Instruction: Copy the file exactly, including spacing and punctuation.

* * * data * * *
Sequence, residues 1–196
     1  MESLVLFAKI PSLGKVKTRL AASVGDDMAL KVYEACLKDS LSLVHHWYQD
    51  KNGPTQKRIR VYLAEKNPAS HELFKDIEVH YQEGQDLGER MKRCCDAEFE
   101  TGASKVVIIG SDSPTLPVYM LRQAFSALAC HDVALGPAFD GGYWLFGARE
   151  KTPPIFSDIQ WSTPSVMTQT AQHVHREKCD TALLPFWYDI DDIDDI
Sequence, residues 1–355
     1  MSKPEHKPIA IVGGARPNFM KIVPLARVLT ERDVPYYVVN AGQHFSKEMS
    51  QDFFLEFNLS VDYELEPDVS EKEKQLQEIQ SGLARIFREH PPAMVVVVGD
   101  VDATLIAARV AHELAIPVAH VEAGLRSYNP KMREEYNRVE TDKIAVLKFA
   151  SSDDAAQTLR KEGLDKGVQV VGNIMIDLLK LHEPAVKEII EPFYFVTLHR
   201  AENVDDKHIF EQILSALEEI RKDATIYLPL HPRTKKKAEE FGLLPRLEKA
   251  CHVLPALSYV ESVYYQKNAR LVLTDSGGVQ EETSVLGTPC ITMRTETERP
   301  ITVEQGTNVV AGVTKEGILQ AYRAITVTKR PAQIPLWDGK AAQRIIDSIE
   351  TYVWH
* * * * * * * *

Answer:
Sequence, residues 1–196
     1  MESLVLFAKI PSLGKVKTRL AASVGDDMAL KVYEACLKDS LSLVHHWYQD
    51  KNGPTQKRIR VYLAEKNPAS HELFKDIEVH YQEGQDLGER MKRCCDAEFE
   101  TGASKVVIIG SDSPTLPVYM LRQAFSALAC HDVALGPAFD GGYWLFGARE
   151  KTPPIFSDIQ WSTPSVMTQT AQHVHREKCD TALLPFWYDI DDIDDI
Sequence, residues 1–355
     1  MSKPEHKPIA IVGGARPNFM KIVPLARVLT ERDVPYYVVN AGQHFSKEMS
    51  QDFFLEFNLS VDYELEPDVS EKEKQLQEIQ SGLARIFREH PPAMVVVVGD
   101  VDATLIAARV AHELAIPVAH VEAGLRSYNP KMREEYNRVE TDKIAVLKFA
   151  SSDDAAQTLR KEGLDKGVQV VGNIMIDLLK LHEPAVKEII EPFYFVTLHR
   201  AENVDDKHIF EQILSALEEI RKDATIYLPL HPRTKKKAEE FGLLPRLEKA
   251  CHVLPALSYV ESVYYQKNAR LVLTDSGGVQ EETSVLGTPC ITMRTETERP
   301  ITVEQGTNVV AGVTKEGILQ AYRAITVTKR PAQIPLWDGK AAQRIIDSIE
   351  TYVWH